Saturday, December 31, 2011

12/31/2011

Today, we are on the brink of a New Year, a new start, and a new view from a place we have not been before. Last year, January 6th, 2011 I finished my last chemotherapy. This year, January 4th, I will be finishing my reconstruction and emerging with a look back on cancer rather than standing in the middle of it or anticipating more treatment. I’ve found that this process has made it hard to see the forest but for the trees.

Looking back on the 2011 makes me cringe a little. I started this year with a bald head, lethargic, and generally uncomfortable. Mid-year, I was suffering from third-degree radiation burns and oozing skin, and I ended the year with my first reconstruction surgery and my port removal.  This year has been cancer to me, and I’m happy to leave it behind. For 2012, I plan to continue to seek some clinical trials and lifestyle changes that will ensure that I’m still here to celebrate the end of 2012, 2013, 2014 and so on; but for the most part I want to leave cancer in the rearview mirror. There are days now (which I never thought would come) where I don’t think about the fact that I have cancer (as you can see though, I haven’t quite transitioned to the past tense “had cancer”).  One of my many resolutions for the new year is to stop dwelling on what was. That’s gone now (pending a good biopsy result next week). Instead, I need to plan for my future and enjoy my present. Many times over the past year and a half I’ve thought about withdrawing my retirement and taking a backpacking trip through Europe (sounds nice doesn’t it?). Something about retirement feels so unrealistic to me at this point. Diagnosed at 27 with lymph involvement….changes of making it to 65? Probably not that likely. But, I’m going to hang my hat on the fact that I WILL live to retirement. So, PERS, keep earning good interest rates because I’m going to need that money when I finally quit the workforce J. This new year, cancer is going to change to the past tense and I’m going to live my life as I would have without cancer – with a few small differences: I know now how important exercise is to health, I also know how important it is to watch what you eat (and not just watching it move from the fork to your mouth), I know how much reducing stress can reduce inflammation in the body, and I know how phytoestrogens in the environment, our cookware, and even our cosmetics can have a huge effect on the amount of estrogen in a person’s body. I know that alcohol is a huge risk factor for my survival and how important moderation will be. I’m moving into 2012 more aware of what I consume and how I take care of myself. And armed with this knowledge and a plan for the future, I fully anticipate showing off my permanently perky breasts to all the women I end up with at the nursing home. Sorry ladies….these won’t sag J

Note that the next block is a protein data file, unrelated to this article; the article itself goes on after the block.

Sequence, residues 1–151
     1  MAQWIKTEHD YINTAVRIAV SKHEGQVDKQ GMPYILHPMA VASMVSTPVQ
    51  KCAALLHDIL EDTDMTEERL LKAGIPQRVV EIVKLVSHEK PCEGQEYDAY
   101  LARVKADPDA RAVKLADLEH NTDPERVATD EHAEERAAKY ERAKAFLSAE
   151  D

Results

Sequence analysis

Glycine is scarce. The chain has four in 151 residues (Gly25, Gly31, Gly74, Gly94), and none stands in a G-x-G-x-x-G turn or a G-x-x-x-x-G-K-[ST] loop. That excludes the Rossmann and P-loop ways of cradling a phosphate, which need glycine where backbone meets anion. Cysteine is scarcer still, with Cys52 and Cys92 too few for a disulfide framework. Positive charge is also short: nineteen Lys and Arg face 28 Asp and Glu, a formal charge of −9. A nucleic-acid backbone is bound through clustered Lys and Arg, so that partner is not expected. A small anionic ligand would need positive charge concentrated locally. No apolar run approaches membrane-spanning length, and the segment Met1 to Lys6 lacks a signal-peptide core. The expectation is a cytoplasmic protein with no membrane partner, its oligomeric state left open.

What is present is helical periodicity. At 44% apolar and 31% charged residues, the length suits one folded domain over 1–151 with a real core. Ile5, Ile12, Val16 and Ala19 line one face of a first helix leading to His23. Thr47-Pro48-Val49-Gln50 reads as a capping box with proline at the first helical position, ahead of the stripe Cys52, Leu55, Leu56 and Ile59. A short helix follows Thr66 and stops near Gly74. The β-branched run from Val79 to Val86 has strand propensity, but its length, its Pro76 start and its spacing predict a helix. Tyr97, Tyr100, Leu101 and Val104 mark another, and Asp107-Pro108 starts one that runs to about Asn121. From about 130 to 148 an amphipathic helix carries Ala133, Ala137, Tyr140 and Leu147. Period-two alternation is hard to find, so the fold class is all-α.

Shane and I have also resolved to try to get to see all of our friends more. We have become homebodies over the past few years, through treatment and trying to keep ourselves a float. We plan to see everyone more often in the New Year! Thank you for all of your love and support that has helped us fight to this point. Please keep my in prayers and good thoughts (or meditations, or whatever it is that you do) that my surgery and biopsy go well on Wednesday and that Shane is able to stand me through another week of recovery!



Much love to our amazing friends, family, and fellow survivors!
Happy New Year!

Heather & Shane

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